It was like a bad joke. Five days before our wedding, the rabbi called to say that she was pregnant and that for the health of the baby the doctor had forbidden her from flying to the ceremony. Fortunately, my mother was able to find a rabbi who agreed to do our traditional, creatively egalitarian ceremony as planned — with one change.

The rabbi was not comfortable with the insertion of a few words about our regret that even as we celebrated our marriage, there were others who, because of their sexual orientation, were not permitted to legally wed.

It was 1994, and the idea of gay marriage was far in the future even in the province of Ontario, which was early to the party, legalizing in 2003.

The rabbi’s discomfort came, as he explained it, from moving the focus on the spiritual to the political.

I understood where he was coming from, but when you get down to it, when it comes to love and marriage, politics is often close by.  

This month we are celebrating 50 years since the Supreme Court overturned all anti-miscegenation laws remaining in 16 U.S. states. There was nothing unusual about Mildred and Richard Loving’s relationship. Young and in love, they wed and wanted to raise a family together in their hometown. But because he was white and she was black, the politics of racism and prejudice stood in their way.

This month we are celebrating LGBTQ Pride. The June 28, 1969, police raid on the Stonewall Inn, a gay bar, prompted a revolt by those who faced significant legal and social discrimination because of sexual orientation. These riots were the start of the modern movement for gay rights. It would take 40 years before gay marriage was even a serious consideration.

Again, politics and love got mixed together.

According to traditional Judaism, when a man and woman get married, he does not place the ring on her ring finger but on another finger. Once it is placed there, the woman moves it to her ring finger to signify her active approval of the union.

In ancient times, when women were seen as chattel to be transferred from the father to the husband, that gesture was a radical statement about the personhood and agency of women.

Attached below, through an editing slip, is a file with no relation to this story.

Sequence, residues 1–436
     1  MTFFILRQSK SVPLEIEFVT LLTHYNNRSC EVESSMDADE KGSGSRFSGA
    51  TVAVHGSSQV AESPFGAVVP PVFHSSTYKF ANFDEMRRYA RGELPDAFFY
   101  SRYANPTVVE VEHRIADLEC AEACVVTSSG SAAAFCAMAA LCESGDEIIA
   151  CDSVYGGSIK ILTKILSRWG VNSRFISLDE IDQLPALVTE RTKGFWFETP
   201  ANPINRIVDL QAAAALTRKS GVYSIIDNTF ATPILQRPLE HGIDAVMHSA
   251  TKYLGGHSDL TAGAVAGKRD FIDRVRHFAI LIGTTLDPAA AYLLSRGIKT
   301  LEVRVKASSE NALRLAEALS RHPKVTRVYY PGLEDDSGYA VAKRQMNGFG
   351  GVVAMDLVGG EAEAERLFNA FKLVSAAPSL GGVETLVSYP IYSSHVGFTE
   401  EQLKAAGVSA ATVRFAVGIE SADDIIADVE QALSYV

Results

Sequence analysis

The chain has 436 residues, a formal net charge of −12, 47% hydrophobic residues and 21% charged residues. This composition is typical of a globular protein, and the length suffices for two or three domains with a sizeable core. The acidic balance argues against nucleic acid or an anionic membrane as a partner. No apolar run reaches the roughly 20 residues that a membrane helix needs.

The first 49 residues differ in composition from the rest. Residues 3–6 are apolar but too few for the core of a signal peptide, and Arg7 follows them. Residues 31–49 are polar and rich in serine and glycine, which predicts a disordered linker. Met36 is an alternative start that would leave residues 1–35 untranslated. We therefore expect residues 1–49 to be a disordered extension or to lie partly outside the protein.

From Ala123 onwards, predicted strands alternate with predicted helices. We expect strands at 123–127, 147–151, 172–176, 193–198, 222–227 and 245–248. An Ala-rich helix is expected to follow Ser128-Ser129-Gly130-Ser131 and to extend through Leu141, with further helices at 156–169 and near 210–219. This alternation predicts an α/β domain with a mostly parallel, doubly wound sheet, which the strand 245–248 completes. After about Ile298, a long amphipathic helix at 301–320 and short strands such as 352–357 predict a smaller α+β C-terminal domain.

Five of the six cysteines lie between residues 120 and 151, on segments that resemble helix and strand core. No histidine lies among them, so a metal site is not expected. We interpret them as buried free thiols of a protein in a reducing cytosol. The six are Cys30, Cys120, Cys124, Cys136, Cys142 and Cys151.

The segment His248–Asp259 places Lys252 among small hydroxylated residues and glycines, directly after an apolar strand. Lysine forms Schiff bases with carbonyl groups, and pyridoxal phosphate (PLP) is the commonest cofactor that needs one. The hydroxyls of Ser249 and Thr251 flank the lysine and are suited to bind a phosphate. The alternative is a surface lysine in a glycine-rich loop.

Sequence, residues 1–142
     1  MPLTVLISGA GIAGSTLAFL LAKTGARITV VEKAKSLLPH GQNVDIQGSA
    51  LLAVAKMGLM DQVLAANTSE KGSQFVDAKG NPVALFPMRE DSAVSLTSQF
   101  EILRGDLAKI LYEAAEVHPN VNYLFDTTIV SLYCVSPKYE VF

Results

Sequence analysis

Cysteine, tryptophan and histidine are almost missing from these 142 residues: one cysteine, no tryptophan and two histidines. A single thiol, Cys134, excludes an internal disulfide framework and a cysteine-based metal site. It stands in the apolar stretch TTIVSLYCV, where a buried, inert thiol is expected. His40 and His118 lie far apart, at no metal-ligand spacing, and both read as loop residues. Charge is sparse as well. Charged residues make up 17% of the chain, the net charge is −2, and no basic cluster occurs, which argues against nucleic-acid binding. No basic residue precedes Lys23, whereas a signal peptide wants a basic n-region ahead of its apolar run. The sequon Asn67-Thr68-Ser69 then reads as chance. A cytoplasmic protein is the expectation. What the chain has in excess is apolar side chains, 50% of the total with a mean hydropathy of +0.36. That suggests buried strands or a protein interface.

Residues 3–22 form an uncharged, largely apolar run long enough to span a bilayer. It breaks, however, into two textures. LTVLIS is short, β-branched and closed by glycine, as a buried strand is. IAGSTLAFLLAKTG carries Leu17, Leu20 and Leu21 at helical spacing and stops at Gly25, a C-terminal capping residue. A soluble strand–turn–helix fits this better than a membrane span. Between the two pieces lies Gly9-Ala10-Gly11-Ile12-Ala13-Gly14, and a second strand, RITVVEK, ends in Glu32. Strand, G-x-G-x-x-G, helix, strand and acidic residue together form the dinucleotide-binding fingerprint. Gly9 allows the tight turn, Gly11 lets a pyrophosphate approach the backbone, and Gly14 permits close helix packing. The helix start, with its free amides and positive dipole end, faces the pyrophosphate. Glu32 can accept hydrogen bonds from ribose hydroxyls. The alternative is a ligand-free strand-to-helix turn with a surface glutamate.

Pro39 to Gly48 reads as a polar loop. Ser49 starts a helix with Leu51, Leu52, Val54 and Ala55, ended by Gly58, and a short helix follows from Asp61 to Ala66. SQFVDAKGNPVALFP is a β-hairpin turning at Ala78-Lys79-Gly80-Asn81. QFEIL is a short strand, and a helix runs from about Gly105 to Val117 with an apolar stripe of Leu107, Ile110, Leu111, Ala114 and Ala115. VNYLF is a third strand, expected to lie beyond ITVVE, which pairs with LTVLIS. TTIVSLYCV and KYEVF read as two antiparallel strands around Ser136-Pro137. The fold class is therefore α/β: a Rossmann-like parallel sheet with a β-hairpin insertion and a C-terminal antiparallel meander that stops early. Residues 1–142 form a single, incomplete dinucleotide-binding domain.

My groom and I took this traditional commitment to the personhood of women further. One addition we made to our ceremony was to have me similarly give him a ring. We wanted our ceremony to reflect our commitment to a marriage of equals. In many quarters, the idea that men and women are truly equals is still politically charged.

Even without the mention of limitations then placed on gay marriage, our deeply traditional Jewish wedding, which was a ceremony celebrating the love a straight white man and a straight white woman shared, was not devoid of political context.

But that was not what I told the rabbi. After all, we did not know each other, and he was extraordinarily generous with his time and otherwise easily embraced our mix of traditionalism and egalitarianism — something that many rabbis at the time would not have done for a whole host of political and spiritual reasons.

Instead, I made it personal, explaining that one of my best friends, only recently out of the closet, would be in the congregation, and I knew that while he was thrilled for us to marry, it was also painful for him, knowing it was not an option he had.

In the end, the rabbi included the short piece about LGBT love. To this day, I don’t know if most people noticed.

They barely noticed that there were two rings exchanged or other feminist shifts. What they did see is what I see every time I officiate at a wedding: the miracle of two people, among the billions on Earth, finding each other, recognizing the true awesomeness of the other in a way that no one else does so fully, and taking the leap of faith that they will be able to maintain their connection and nurture each other over the course of time.

No matter who they are, there is nothing more radical than that.